Advocates for persecuted Christians in Nigeria question U.S. report that portrays Fulani as victims

Nigeria Holy Week Burned vehicles after Good Friday raid on April 7, 2023, in Ngban, Benue state, Nigeria. | Courtesy of Justice, Development, and Peace Commission

Advocates for persecuted Christians in Nigeria are criticizing a new report prepared by the U.S. Commission on International Religious Freedom (USCIRF) that they say ignores the many documented atrocities perpetrated against Christians by the Fulani ethnic group in Nigeria and instead paints the Fulani as persecuted victims.  

The April 27 report prepared by USCIRF — a nonpartisan federal body — asserts that Fulani civilians have been subjected to “xenophobic sentiment” because “Christian communities often equate Fulani Muslims with Salafi jihadist beliefs because of their Muslim identity.” The report goes on to say that “abuses have led some members of Fulani communities to arm themselves and conduct reprisal attacks based on ethnoreligious identity,” with the result being that “Christian communities across Nigeria are threatened by deadly attacks from vengeful assailants seeking retribution for grievances against Fulani Muslim civilians.” 

The Fulani are an ethnic group that occupies a large area of the African continent stretching from Senegal to Sudan. They are nomadic and largely share a language, Muslim faith, and a history of livestock herding. Jihadist Muslim groups, such as Islamic State West Africa Province (ISWAP) have claimed responsibility for numerous deadly attacks on the country’s Christians. But myriad other attacks attributed to Fulani herdsmen on Christians in Nigeria, especially in the north of the country, have been reported in recent years. The current president of Nigeria, Muhammadu Buhari, is of Fulani ancestry, and there is widespread evidence that Fulanis have been largely able to carry out their attacks with impunity. 

Advocates for persecuted Christians strongly disagreed with the USCIRF report’s assertion that the numerous attacks attributed to the Fulani in recent years on Christians in the country are retaliatory. 

Sean Nelson, legal counsel for the U.S.-based Alliance Defending Freedom, told CNA that the USCIRF report “fails to explain the broader context of religiously motivated violence against Christians, where they are suffering thousands of deaths every year because of their faith.”

“The report is needlessly polarizing in an area that requires great sensitivity,” Nelson said.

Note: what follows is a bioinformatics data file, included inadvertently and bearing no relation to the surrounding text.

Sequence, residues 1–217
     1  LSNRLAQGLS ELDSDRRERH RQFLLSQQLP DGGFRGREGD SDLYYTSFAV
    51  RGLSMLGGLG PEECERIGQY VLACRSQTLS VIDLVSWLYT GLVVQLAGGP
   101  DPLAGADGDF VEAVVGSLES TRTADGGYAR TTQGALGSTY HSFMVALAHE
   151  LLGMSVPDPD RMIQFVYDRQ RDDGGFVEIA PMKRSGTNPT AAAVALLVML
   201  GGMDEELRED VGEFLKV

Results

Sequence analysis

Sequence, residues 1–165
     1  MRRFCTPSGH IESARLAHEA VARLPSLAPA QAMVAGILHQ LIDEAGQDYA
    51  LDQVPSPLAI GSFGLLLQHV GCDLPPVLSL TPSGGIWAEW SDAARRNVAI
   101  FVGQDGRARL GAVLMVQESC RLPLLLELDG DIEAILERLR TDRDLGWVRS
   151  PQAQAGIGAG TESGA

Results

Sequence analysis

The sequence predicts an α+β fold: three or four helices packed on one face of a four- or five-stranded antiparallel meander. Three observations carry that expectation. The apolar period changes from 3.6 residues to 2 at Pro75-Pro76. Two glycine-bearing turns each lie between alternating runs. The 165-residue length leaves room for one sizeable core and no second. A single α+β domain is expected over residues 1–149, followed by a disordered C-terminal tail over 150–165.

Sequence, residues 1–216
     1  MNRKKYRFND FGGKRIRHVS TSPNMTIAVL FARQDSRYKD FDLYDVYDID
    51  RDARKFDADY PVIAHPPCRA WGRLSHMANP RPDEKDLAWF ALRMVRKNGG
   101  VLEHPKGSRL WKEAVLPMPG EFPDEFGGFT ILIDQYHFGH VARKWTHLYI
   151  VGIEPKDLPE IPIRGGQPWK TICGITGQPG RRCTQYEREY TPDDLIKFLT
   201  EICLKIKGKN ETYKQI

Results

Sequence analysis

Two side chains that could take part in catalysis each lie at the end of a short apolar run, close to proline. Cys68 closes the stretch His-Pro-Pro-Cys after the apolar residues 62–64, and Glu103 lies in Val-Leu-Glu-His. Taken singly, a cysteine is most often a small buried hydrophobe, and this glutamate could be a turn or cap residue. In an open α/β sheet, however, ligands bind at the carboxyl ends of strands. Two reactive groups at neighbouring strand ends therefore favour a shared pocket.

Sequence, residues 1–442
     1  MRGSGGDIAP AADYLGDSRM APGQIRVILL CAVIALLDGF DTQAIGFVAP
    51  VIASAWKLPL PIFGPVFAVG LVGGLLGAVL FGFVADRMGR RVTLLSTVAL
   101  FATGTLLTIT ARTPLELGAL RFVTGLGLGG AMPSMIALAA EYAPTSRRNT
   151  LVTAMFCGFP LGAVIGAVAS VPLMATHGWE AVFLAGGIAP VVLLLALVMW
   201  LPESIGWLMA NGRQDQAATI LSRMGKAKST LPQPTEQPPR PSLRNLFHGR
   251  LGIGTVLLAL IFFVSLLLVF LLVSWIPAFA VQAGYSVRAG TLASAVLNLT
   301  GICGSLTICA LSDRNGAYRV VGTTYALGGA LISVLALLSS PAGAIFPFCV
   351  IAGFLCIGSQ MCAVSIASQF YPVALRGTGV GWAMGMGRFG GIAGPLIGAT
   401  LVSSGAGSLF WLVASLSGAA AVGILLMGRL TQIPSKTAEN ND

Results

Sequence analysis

“The international religious freedom community would benefit from an explanation as to how the report was produced and approved, and USCIRF should consider a retraction. It is vital that the international religious freedom community is able to come together to advocate for those in Nigeria who have been so regularly and grievously victimized.”

Nelson said the report appears to fault the Christian community for the marginalization of the Fulanis while failing to acknowledge the brutal persecution the Christians of Nigeria are facing, often at Fulani hands. 

“The report rightly speaks against using an overly broad brush when discussing the Fulani Muslim community and militancy within it, but then proceeds to imply with false moral equivalency and little evidence that the broader Christian community is responsible for large portions of the violence,” he noted. 

Nina Shea, senior fellow and director of the Center for Religious Freedom at the Hudson Institute, called for USCIRF to prepare and release a report “giving the other side,” chronicling Nigerian Christian persecution.

Shea noted to CNA that a new report from the Kukah Center, a Nigeria-based policy research institute founded by Bishop Matthew Hassan Kukah of the Diocese of Sokoto, contradicts USCIRF’s claim that Fulani attacks on Christians — especially in the north-central part of the country — are retaliatory and are rather a form of terror aimed at displacing Christians from their land. 

The report includes detailed accounts from eyewitnesses about attacks on civilians suspected to have been carried out by Fulani herdsmen — many of which do not bear the hallmarks of retaliatory attacks but rather seem to be aimed at terrorizing the Christian community. The Kukah report also notes that since the beginning of 2022, at least 18 Catholic priests have been abducted by armed Fulani bandits across the country, with 80% of these abductions occurring in Northwest Nigeria. 

USCIRF, for its part, released on Monday its annual report, which included the recommendation that Nigeria be listed by the U.S. State Department as a “Country of Particular Concern” a designation that USCIRF has recommended for Nigeria since 2009. The report decries “rampant violence and atrocities” committed across Nigeria, including by militant Islamist groups and “dynamic alliances of insurgent, criminal, and vigilante actors.”

CNA reached out to USCIRF for comment on the April Fulani report but did not receive a response by press time. 

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